While CPA measures conversions are coming from marketing efforts over time, CPC tracks how many people clicked our ads and at what price in each period.

Does an increasing CPC always lead to an increase CPA? In most cases yes, but there are times where this does not occur if audience targeting has changed.


CTR and CPA are two very different things.

CTR measures the effectiveness of your ability to stop users from scrolling and take an action on your ad while CPA counts everything from start to finish.

CPA is the result of all marketing efforts and KPI’s whereas CTR is just one lever pulled during the buyer journey.

Measuring CPA will provide a more accurate prediction than CTR when trying to assess the return on investment for your advertising efforts. For example, if two campaigns have identical CTR but one has higher conversion rates, one could conclude that CTR is less indicative of campaign success.


A high CTR is important for advertisers because this information tells marketers that the messaging, creative, and offer being promoted is resonating well with the audience. CPC just measures the price you

pay per click, so it is essential to take the cost and value of what you are advertising when deciding how much you should be paying per click.

CTR takes a detailed look at the effectiveness of an advertising campaign. It helps you evaluate your call-to-action ad copy, analyze potential conversions, determine success against competitors, and compare campaigns for an enhanced quality score to improve CPC and return on investment.

A successful campaign will try to reach a balance of both metrics. For example, if you want lots of conversions at low costs, you aim for high CTR and low CPC. Although these two metrics don’t definitively create conversions, they’re great signs for improving conversion rates in most cases.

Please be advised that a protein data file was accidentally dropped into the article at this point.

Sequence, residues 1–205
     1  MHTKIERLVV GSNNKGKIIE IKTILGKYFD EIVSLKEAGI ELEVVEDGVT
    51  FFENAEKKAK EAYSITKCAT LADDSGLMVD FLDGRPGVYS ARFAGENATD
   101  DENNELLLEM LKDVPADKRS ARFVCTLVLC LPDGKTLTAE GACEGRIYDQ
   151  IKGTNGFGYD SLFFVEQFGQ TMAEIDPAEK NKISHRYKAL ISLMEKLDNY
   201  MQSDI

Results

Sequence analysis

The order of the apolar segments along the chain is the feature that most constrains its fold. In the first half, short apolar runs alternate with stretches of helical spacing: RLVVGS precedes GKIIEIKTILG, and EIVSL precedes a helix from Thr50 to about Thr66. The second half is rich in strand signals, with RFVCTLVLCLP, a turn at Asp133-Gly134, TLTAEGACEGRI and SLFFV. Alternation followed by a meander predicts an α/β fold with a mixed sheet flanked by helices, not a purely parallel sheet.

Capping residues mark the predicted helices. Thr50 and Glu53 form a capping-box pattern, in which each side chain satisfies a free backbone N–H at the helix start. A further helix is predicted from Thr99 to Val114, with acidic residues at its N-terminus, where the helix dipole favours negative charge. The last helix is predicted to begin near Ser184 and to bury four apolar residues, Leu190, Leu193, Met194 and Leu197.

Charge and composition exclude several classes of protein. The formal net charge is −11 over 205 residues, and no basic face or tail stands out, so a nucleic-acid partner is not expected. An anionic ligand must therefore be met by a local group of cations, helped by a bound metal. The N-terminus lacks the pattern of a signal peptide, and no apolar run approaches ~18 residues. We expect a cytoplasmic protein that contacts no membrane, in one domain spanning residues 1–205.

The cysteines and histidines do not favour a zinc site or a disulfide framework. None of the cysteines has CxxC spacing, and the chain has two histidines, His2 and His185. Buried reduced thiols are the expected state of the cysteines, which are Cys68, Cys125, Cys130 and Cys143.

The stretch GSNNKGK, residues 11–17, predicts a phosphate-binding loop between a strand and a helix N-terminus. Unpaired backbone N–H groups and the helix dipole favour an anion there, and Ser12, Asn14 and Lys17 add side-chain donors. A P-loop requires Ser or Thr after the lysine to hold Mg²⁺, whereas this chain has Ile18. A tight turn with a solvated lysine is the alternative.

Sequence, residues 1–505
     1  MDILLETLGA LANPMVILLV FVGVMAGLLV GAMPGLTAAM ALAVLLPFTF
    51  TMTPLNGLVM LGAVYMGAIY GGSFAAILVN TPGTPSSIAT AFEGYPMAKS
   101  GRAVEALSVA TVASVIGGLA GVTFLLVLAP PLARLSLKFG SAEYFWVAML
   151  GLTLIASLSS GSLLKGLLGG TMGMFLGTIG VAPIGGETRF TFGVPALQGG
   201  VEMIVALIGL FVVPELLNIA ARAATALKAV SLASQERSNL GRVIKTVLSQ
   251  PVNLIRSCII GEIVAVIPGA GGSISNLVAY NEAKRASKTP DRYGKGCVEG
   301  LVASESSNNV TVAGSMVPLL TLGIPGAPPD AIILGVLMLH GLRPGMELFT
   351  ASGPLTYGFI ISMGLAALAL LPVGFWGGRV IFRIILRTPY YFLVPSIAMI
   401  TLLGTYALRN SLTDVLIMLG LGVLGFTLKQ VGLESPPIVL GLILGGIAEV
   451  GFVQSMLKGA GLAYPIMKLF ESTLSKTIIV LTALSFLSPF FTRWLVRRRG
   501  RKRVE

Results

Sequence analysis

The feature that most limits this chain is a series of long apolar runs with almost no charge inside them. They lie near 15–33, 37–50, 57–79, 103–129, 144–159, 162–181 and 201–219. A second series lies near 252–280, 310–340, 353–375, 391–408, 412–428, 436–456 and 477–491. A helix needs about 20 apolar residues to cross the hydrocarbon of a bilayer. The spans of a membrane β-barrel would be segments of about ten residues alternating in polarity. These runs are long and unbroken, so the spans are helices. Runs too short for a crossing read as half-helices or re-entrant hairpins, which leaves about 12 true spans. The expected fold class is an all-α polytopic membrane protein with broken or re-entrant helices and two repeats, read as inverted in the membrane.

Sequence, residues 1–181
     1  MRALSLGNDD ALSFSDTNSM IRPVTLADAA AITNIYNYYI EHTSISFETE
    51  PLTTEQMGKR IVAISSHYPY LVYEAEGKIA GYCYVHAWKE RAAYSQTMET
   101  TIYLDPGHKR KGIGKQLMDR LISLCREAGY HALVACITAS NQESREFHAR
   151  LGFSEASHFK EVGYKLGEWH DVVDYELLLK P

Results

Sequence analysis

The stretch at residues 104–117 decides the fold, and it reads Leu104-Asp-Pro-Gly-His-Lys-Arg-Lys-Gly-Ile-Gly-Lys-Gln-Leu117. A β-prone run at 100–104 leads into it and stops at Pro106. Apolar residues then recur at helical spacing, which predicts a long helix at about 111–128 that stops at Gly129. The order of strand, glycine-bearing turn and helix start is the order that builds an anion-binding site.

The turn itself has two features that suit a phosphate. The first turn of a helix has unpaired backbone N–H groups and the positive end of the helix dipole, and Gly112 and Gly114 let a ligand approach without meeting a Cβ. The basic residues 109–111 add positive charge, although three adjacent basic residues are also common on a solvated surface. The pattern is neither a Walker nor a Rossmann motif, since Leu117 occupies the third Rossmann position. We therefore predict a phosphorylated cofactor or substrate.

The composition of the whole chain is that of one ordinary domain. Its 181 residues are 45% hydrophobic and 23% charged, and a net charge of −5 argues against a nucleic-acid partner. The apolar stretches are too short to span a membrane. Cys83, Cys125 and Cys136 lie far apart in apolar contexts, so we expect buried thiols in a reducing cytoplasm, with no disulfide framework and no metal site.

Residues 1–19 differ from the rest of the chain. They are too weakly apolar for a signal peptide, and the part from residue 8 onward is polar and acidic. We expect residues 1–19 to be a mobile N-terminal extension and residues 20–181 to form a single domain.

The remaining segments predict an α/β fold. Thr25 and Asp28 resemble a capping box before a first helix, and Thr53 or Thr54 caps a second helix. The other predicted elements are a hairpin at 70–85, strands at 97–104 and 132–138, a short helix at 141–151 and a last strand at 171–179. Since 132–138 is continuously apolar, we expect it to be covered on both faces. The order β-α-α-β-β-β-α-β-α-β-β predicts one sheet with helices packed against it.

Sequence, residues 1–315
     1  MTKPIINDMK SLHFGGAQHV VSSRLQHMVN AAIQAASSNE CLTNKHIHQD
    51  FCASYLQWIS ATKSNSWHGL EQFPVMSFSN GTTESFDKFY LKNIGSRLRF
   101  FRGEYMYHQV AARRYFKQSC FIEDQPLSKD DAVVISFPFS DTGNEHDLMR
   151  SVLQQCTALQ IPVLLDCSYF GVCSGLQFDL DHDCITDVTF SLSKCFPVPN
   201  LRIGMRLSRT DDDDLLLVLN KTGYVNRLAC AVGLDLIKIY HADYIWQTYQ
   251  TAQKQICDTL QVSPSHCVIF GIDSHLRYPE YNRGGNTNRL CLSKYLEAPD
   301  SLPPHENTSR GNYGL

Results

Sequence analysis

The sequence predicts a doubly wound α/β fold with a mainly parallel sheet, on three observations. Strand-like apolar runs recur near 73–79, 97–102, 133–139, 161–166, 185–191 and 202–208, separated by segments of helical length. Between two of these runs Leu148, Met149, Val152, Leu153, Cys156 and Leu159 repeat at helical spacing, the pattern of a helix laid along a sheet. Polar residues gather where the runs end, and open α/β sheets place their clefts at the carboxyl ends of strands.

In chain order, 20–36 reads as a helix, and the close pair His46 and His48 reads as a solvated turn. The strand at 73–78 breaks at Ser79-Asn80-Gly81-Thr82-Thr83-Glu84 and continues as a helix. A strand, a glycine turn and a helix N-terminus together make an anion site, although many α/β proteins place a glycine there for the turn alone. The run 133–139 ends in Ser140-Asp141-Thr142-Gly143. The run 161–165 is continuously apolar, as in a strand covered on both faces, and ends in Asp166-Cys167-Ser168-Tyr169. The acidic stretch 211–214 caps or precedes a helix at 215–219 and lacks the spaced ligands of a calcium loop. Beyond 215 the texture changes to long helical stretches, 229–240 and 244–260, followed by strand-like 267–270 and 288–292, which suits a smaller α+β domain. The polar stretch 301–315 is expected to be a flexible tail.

Choosing between CPC and CPM can be challenging because they are so fundamentally different from one another.

CPC bidding works best for people who want to generate leads or website visitors down to the click, whereas CPM works best for those trying to engage potential customers or generate awareness. The effectiveness depends on which platform you’re running ads on and it typically works best when you test out different bidding systems yourself.

CPM is traditionally considered through paid email promotions of renting or leveraging another email list that you do not own.

It often has to do with the campaign type – since you may choose between a search network (which offers pay-per-click) versus a display network (where you’re paying based on how many times you have shown an ad). Choosing the right strategy largely depends on which type of goal you’re looking for, so it falls on a matter of testing and most platforms offer both, you just need to test and find what works best for your product or service.

If you stuck around to the end of this article, we like you, you enjoy in-depth research. Feel free to check out some of the other topics we’ve covered surrounding paid media as well by visiting the links below.